Don’t Try And Do It All Yourself

When you’re trying to live a full, productive and effective life, it’s easy to fall into the trap of trying to do it all yourself. Whether this means micro-managing at work, or dealing with every little thing at home, it can initially seem like a way to make sure things are done properly.

Before long, of course, you end up feeling frazzled. You’re spending a lot of time on low-level tasks, you’re overworked, and you don’t ever seem to get a chance to pursue activities that really excite you.

If you’re someone whose mantra is “if you want a job done well, do it yourself,” there are two crucial ways to reduce the burden: you need to eliminate and delegate.


The first, easiest, way to get rid of stuff that’s filling up your life is to eliminate it. If you start on your to-do list before breakfast and still have loads to do at bedtime, you’re trying to pack too much in.

Here are some good questions to ask yourself when considering what to eliminate.  Work through the questions in order for each big commitment you have in your life; if you hit a “no” answer, stop reading and start thinking about whether you can eliminate it.

•    Do I want to do this? If not, why am I doing it? Is it because I feel obliged? Can I remove or at least reduce my commitment?
•    Does this need to be done? If not, why do I have it on my to-do list? Is it because someone has told me I should do it? (E.g. parent, society at large.)
•    Am I learning anything from doing this? If I used to learn from this, and no longer do, is it time to move on?
•    Would I feel at all sorry to give this up?

Many of us have great trouble saying “no” to people. If you’re asked to take on something that you don’t want to do, or don’t have time to do well, then learn to say “I’m sorry, I can’t commit to that at the moment.” If you’re pushed, simply repeat yourself, and add that “I won’t take on something where I know I don’t have the time to do a good job.”

If you really can’t think what you might eliminate, ask “what’s the worst that could happen if I gave this up?”


Some jobs do need to be done, however boring or tiresome they are. Perhaps you hate doing the dishes, or doing your taxes. Whether it’s a personal or work task, look for ways to delegate:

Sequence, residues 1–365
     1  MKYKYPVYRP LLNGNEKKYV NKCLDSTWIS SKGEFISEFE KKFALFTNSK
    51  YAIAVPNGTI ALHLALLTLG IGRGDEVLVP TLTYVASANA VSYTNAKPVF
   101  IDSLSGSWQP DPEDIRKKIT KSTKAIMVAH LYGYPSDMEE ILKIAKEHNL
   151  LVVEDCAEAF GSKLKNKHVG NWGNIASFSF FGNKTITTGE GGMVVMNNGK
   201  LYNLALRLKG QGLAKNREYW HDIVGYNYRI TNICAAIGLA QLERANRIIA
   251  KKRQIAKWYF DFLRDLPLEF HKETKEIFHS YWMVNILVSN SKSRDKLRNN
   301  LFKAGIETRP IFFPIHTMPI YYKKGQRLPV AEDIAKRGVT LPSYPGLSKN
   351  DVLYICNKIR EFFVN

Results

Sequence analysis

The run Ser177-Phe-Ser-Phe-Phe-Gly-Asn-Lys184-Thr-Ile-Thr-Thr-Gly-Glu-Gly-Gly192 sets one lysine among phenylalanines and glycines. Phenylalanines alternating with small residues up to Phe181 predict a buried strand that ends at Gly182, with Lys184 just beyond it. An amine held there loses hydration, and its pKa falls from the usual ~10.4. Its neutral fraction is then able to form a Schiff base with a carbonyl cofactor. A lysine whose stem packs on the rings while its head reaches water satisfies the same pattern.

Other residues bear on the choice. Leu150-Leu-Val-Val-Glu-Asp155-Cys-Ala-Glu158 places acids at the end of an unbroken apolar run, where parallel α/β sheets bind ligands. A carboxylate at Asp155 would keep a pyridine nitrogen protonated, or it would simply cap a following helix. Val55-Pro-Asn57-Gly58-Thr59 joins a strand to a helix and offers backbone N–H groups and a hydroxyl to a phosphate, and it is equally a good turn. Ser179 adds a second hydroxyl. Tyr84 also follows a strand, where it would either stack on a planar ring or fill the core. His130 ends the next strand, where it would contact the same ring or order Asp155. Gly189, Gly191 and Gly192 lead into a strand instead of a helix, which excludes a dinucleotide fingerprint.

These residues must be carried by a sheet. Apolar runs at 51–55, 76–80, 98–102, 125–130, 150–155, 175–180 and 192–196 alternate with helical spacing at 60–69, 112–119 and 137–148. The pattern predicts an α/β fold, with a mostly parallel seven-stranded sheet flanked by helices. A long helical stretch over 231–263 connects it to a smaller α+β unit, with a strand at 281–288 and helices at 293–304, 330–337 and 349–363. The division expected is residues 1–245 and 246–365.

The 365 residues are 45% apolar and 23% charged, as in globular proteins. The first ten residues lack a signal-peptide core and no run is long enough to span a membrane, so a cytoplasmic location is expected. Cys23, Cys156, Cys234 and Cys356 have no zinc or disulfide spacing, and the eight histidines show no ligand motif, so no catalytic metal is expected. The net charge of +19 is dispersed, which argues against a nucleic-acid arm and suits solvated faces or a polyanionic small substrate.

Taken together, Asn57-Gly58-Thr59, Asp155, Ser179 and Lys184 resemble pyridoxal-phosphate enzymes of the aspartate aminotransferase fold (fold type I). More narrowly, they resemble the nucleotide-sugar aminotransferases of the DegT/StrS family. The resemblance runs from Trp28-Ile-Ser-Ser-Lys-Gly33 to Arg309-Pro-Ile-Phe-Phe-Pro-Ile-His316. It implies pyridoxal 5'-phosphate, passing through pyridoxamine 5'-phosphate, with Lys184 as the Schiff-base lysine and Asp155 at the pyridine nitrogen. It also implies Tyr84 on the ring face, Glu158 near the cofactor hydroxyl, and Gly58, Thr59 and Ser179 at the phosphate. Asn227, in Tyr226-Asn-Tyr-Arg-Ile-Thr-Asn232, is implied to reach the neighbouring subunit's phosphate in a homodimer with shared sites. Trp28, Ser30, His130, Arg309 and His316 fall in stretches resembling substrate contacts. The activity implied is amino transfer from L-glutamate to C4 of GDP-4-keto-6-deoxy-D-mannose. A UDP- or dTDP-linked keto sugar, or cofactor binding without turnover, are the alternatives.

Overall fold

•    Pass on low-level work tasks to junior colleagues (invest some initial time in teaching them how to do the job well – don’t just dump a task on them and expect them to figure it out).
•    Teach your kids how to perform basic chores. You might consider offering a small amount of extra pocket money in exchange.
•    Hire someone to clean your home once a week.
•    Let your spouse or older kids take a turn at cooking. It may not be up to your gourmet/macrobiotic/frugal standards, but praise the results and the effort that went in.
•    Pay an accountant to do your taxes for you (a good accountant will save you more than his/her fee).
•    Outsource very simple and routine tasks, like data entry, to a virtual assistant firm or individual – R3R has a number of reviews of virtual assistant firms and sites.

If you manage a group of volunteers (eg. in a church or community setting), this is another good opportunity to delegate – especially as it’s likely that the group will consist of people with a number of very different skills. Get people to list what their areas of expertise are, and play to those strengths: for example, you might find that someone who’s worked in events management can organize the annual gala, whereas an English major might be just the person for writing the monthly newsletter.

Do you have any tips on how to effectively eliminate or delegate tasks? Are you someone who needs to “do it all”, or are you realistic about how much you can take on?

Related Articles:

Know When To Cut Your Losses and Call It Quits

Do It First Thing, Every Day: How to Tackle Any Project

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